Introduction: Democracy, Markets, and the Assertive Middle
Introduction: Democracy, Markets, and the Assertive Middle, in Gerry van Klinken and Ward Berenschot, eds. In Search of Middle Indonesia: Middle Classes in Provincial Towns. Leiden: Brill, 2014, pp1-32.
33 Pages Posted: 25 Apr 2015
Date Written: January 1, 2014
Asia’s middle classes are in the news. The story is bewitching. Not only are their numbers said to be shooting up towards half the total population, they are democratic and market-friendly. Indonesia’s middle class too, according to this story, has exploded in the ten years from 1999–2009. An Asian Development Bank (hereafter: ADB) study of consumption patterns concluded it had grown from 25% to 43% in that period.
The present book examines this expanding Indonesian middle class up close. Instead of statistics, it contains ethnographic studies conducted in provincial towns, where most of its members live. Less than by changing consumption patterns, we were driven to radically expand our idea of the Indonesian middle class by political events over the last twenty years. Whereas the ADB is mainly interested in consumption, our ideas on the middle class have been shaped by more relational, political questions. Class is not essentially a question of income or expenditure categories; it is a political concept, intended to explain why differences remain between the behaviour of rich and poor people over matters of the common good. By watching how they behave, we have come to know a very different middle class than the one the ADB saw in the statistics. In our experience, the booming provincial middle class favours economic protectionism, wants more state and not less, and practises a flawed patronage democracy.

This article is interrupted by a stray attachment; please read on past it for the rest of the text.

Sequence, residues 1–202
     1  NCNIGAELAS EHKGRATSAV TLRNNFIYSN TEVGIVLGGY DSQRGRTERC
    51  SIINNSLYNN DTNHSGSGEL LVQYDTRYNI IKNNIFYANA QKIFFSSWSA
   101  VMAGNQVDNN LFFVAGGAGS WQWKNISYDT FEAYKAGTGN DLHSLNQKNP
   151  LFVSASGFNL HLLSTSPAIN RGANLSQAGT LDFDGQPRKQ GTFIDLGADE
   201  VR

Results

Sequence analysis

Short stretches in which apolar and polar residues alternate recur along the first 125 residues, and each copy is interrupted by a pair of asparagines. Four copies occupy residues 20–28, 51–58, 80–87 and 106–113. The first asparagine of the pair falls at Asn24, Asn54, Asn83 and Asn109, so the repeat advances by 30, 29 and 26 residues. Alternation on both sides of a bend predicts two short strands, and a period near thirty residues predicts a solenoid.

Keywords: middle class, democracy, Indonesia, Asia, class
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